Scarcity of experienced educators is not a
chance development, and it is ruining US schools
One year of teaching experience is the new normal in America’s classrooms. Nationwide, schools are embracing tenderfoot teachers instead of skilled, veteran educators — what the industry calls master teachers, an informal moniker that denotes expertise in content creation, differentiated instruction and student outcomes in the face of education reform.
According to multiple peer-reviewed studies, the professional longevity of a master teacher — someone who has eight or more consecutive years in the classroom — leads to increased student engagement and academic success. These hallmarks of an exceptional education have become less than visible in the United States’ school system, which has not been deemed exceptional or even satisfactory for quite some time, according to international rankings by the Programme for International Student Assessment. Mediocrity in American education will persist as long as we have a disproportionate number of green teachers. What’s worse is that this mediocrity is easily avoidable and fully intentional.
Several reasons exist for this neophytism, but first among them is the decline of tenure. Washington, D.C., North Carolina, Idaho, South Dakota and Louisiana recently eliminated it. Students Matter, an educational advocacy group funded by tech titan David W. Welch, has sued the state of California and overturned teacher tenure, and his group plans to bring similar suits in other states. Even in states where tenure remains intact, it is no longer a guarantee. Under New York City’s latest teacher evaluation system, almost half of teachers eligible for tenure in 2013 were denied.
Charter schools, which serve 4.2 percent of all public school students, rarely offer tenure. Nor do the nation’s 10 percent of independent or parochial schools, because tenure limits the control that administrators maintain over operating budgets and hiring decisions. Educators in these untenured schools have a demonstrably higher rate of attrition than in district schools, and lack of job security (PDF) is among the top reasons cited when a teacher leaves. Tenure implies a respect for longevity. Without it, it’s too easy for districts to jettison teachers when their salaries approach living wages or when they espouse academic philosophies at odds with administrative fiats.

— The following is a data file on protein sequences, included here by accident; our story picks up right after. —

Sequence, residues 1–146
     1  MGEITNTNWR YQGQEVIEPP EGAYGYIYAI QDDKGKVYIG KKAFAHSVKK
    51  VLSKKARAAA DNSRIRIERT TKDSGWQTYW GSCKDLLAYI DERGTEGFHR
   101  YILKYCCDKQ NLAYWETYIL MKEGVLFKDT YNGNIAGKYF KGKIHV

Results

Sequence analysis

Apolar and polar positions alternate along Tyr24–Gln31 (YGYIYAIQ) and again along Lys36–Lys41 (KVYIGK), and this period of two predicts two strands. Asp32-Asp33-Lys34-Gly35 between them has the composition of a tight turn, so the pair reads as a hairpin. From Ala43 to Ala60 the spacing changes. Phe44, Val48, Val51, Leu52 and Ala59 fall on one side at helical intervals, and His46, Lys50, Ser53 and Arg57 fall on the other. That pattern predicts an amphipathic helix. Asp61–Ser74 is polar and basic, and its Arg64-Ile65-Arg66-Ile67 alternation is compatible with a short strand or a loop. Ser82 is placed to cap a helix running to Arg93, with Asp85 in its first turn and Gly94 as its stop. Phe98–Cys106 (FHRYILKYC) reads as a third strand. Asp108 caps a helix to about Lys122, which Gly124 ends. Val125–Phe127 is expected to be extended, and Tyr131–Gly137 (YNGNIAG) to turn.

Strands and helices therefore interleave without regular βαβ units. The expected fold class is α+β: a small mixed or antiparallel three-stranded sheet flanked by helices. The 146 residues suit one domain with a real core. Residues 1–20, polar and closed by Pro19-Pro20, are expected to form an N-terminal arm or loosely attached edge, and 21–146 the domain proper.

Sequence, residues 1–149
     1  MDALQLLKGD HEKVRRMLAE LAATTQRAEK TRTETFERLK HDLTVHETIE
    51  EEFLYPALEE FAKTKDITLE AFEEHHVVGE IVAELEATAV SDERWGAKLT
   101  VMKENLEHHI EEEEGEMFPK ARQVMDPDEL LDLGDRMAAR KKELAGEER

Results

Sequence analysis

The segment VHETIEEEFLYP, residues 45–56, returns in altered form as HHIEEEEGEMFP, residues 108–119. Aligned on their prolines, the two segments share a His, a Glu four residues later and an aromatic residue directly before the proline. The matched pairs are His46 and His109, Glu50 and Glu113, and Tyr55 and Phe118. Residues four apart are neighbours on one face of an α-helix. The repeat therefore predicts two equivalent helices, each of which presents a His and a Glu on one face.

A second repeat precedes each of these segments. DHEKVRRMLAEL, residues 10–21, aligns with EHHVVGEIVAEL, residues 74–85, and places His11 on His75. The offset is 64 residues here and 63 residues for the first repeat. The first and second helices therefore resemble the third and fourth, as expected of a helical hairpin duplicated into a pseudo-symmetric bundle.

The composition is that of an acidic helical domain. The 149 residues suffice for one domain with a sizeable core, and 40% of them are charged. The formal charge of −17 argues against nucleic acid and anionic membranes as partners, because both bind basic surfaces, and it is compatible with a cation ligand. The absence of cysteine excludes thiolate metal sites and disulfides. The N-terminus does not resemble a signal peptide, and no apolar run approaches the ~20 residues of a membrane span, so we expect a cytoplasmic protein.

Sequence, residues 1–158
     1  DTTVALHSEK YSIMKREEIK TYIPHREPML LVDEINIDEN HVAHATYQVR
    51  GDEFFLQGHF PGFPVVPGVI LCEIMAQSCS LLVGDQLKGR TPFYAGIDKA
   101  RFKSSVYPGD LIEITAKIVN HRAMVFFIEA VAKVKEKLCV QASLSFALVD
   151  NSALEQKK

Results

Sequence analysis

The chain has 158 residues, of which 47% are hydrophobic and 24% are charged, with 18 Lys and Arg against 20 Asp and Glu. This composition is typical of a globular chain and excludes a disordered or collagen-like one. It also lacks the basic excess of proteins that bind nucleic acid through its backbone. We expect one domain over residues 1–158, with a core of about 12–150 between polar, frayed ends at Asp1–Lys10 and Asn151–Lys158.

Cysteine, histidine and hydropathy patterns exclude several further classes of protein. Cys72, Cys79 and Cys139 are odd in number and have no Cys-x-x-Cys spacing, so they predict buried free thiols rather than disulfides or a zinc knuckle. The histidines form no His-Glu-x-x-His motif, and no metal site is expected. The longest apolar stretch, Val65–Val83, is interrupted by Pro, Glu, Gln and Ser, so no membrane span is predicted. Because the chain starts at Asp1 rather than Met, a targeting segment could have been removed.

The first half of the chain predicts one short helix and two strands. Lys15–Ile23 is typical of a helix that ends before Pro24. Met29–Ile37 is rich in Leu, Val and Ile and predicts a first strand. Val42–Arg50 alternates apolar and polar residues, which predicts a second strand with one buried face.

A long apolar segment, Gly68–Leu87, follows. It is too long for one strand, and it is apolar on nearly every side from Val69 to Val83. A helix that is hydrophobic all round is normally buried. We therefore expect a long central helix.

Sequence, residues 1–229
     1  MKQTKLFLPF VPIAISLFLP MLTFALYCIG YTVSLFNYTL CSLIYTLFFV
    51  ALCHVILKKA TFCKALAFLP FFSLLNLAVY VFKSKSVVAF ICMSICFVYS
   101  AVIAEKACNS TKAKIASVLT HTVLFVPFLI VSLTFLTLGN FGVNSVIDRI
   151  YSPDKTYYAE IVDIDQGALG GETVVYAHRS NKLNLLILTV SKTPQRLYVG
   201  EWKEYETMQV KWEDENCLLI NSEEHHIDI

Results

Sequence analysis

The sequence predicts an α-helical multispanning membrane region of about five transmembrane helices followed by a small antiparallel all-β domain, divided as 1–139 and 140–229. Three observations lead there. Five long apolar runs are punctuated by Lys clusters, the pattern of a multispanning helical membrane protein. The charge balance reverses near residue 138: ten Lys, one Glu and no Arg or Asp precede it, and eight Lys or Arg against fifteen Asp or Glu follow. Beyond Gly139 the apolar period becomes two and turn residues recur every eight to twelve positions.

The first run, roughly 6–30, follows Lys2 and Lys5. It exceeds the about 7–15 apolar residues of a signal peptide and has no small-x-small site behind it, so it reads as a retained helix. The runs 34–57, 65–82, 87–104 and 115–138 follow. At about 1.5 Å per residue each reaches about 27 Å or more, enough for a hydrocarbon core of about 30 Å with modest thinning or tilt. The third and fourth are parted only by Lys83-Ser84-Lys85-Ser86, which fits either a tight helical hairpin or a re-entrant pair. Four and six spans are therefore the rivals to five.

As public charter schools grow at a rapid pace — in just over a decade, enrolled students have increased from 300,000 to 2.1 million — they contribute to a cultural shift that views teaching as a temporary commitment. Teach for America (TFA), which places one-third of its recruits in charter schools, has in many ways made it trendy to view teaching as a brief, altruistic gesture rather than a lifelong profession. Motoko Rich, reporting for The New York Times last year, wrote that “charter networks are developing what amounts to a youth cult in which teaching for two to five years is seen as acceptable and, at times, even desirable.” Rich found that KIPP and Success Academy, two of the largest charter networks, retain teachers for an average of only four years.
Intentional greening is also an attractive option for public school districts because fledgling teachers require smaller operating budgets. TFA recruits, therefore, sometimes replace veteran teachers whose jobs have been cut in budget shortages. In a report updated in April, the Consortium for Policy Research in Education (PDF) found that the typical classroom experience for teachers shrank from 15 years in 1987 to just one year in 2008; the attrition rate for first-year professionals rose by 34 percent since the late 1980s.
This teaching model is both unsustainable and unscalable, because, as education expert Mike Rose expertly argued last year in The Washington Post, great teaching relies on a commitment to community. Amid a rolling cohort of novice instructors, experienced practitioners who might sustain the best pedagogy and mentor trainees are scarce. Similarly, fewer teachers stay long enough to establish roots in the neighborhood.
What can be done to rescue the dwindling ranks of experienced educators? A 2010 study by the consulting firm McKinsey & Co. reports that in order to attract and retain high-performing teachers, incentives for longevity are essential. After conducting a global comparison of high-achieving schools, McKinsey found that schools in Finland and Singapore do not adhere to the facile perception that a teacher’s effectiveness plateaus after three years; those countries believe teachers attain true expertise after 15 to 20 years of experience.
In the United States, these kinds of incentives can take myriad forms, from tenure to fostering collegiality in the workplace to expanding teacher autonomy in the classroom.
Educators must have reasons to be excited about developing their teaching careers. An ideal faculty would feature a diversity of experience levels, from energetic newcomers to established virtuosos. The current skewing of the teacher force toward a homogenized team of amateurs, however, undermines the undisputed benefits of skill and maturity. All our favorite childhood master teachers would undoubtedly agree.